* The building must be legal to build and must not require building consent as per rules published by the DBH
* Questions can be sent to
* SHAC reserves the right to not accept any entries.
* Best entries will be honoured with awards and prizes
* All entries will be published on our web site.
* Please have fun with this and give it a go!
10m2 maximum internal floor area – walls can be as thick as you like.
Must be single storey, can have a steeply pitched roof and loft.
Submit your entry by email to by 12 noon 20 August 2012
Win Awards and Prizes!
$500 cash prize available to help you build your design.
Exhibition and presentation of awards in Christchurch, at the FESTA Design, Architecture and Building Festival in Christchurch (Oct 19-27 2012)
All entries will be presented to the public and potential clients who may help you realise your vision.  There is a student/young people category of the challenge.
[Optional] Register at to received updates about the challenge and any clarification of rules

[note, not all of these buildings are less than 10m2 in size]
  1. Kevin Low’s Small Projects
  2. Chris and Ben’s SPACE MoveableRooms
  3. GapFiller’s Tati Design Competition and Temporary 10m2 Office
  4. DesignBoom’s Small Houses
  5. Dwelle
  6. F3 Design’s ArtBox
  7. The Marlborough Snug Sauna
  8. Bomun’s Awhi Farms projects
  9. Bruce Thomson and ModPreFab’s “Wood Cutters’ Paradise
  10. Chris Moller’s Click-Raft, and
  11. Daiman Otto’s Analog Structures

Thank you and have fun with this!
Tim Bishop
SHAC – The Sustainable Habita Challenge
0800 762 786
021 705 346
Skype: twbishop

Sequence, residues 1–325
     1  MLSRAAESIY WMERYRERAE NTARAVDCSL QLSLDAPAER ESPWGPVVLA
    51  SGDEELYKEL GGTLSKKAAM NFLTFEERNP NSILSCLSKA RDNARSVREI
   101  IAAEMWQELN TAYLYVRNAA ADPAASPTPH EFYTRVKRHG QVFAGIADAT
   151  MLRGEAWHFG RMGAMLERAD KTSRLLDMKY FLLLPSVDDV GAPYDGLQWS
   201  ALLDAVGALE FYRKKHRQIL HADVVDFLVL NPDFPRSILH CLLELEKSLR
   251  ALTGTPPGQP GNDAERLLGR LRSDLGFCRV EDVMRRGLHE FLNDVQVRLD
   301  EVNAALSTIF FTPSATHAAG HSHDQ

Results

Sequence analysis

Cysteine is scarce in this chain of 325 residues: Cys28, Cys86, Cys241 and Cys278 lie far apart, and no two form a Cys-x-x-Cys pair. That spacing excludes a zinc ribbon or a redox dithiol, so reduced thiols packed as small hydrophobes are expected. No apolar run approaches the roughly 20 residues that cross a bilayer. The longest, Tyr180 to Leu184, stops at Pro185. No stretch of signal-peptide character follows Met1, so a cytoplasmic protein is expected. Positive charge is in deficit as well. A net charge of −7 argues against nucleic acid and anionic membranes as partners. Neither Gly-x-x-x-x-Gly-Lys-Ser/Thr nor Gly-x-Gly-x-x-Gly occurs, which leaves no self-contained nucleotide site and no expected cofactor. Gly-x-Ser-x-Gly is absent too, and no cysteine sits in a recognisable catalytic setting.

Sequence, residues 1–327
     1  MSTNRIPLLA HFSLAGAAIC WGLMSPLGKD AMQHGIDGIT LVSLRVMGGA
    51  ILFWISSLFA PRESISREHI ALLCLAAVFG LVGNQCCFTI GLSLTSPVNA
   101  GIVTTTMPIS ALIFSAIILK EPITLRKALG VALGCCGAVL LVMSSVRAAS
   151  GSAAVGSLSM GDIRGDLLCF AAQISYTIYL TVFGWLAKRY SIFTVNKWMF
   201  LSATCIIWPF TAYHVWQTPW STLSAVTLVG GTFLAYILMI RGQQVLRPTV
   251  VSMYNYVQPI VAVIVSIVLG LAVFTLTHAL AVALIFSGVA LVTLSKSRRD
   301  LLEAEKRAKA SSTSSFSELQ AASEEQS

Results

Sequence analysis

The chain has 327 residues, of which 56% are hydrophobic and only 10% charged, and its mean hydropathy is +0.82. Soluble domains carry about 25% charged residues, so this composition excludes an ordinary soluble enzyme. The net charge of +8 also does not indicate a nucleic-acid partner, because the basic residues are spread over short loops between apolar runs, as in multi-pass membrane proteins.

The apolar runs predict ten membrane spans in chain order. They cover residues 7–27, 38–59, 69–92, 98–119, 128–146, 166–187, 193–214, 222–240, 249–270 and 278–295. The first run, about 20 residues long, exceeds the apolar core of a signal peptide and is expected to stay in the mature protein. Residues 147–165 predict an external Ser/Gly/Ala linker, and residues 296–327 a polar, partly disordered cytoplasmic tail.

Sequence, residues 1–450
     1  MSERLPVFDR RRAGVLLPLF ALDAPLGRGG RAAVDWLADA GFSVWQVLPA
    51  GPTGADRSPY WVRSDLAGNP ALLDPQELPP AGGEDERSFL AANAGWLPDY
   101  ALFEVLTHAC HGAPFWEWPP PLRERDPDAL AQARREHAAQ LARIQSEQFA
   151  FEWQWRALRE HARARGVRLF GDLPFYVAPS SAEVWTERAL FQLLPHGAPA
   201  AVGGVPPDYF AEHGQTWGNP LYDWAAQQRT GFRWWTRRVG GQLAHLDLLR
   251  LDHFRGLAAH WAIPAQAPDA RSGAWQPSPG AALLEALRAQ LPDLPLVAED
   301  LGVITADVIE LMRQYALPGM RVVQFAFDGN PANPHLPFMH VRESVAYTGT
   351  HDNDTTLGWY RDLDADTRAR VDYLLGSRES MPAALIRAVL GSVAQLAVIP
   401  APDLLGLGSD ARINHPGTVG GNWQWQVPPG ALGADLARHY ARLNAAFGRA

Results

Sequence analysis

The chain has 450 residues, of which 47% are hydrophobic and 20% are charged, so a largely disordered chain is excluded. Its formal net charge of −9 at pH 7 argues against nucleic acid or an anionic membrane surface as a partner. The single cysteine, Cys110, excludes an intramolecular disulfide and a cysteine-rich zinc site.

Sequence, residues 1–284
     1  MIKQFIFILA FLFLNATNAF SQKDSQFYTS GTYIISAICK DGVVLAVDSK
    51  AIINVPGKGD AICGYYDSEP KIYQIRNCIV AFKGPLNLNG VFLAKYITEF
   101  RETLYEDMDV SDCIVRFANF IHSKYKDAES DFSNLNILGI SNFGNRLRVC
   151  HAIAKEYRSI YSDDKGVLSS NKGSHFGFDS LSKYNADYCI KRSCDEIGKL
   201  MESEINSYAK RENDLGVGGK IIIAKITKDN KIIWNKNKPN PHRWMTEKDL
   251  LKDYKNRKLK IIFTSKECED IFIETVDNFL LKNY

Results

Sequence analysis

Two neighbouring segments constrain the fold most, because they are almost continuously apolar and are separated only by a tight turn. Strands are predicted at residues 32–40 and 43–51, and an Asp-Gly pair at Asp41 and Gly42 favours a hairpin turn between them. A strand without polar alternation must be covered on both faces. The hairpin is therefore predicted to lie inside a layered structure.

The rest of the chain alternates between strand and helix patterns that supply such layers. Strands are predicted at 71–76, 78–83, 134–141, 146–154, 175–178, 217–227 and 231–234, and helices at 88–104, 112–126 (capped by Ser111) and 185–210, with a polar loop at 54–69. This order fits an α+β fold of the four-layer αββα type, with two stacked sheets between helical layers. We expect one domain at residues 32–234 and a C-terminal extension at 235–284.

10m2 Featured MicroArchitecture Nelson New Zealand Uncategorized

Packing Crate Building

For more information, contact Mark Fielding at Ecotect

10m2 Events MicroArchitecture New Zealand Otago Uncategorized

Micro Architecture Symposium 2011 Awards

SHAC Awards for 2011:

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Bruce Thompson

Experience building lightweight concrete infill construction for 15 years (egg cartons are not waste, they are a construction material) >>>

Liz Buxton

Designs from Sudan and Dunedin

Thomas Malpass

Simple buildings with trainee builders at Wintec in Hamilton

Andrew Just

A modular and very portable initiative designed to create a home for Christchurch artists, and a 15m2 accommodation unit built into a grain silo.  >>>

Michael Cambridge

Marlborough Housing Trust “Snug” – a high quality work space, bedroom or sauna using precut pine heartwood, and other European and North American examples. >>>

Chris and Ben

Developing and launching SPACE Moveable Rooms. Why we designed the way we did / transport constraints / commercial considerations / how the market is responding / new developments. >>>

Bomun Bock-Chung

Creating the best low cost, sustainable structures that are easy to build. >>>

Chris Moller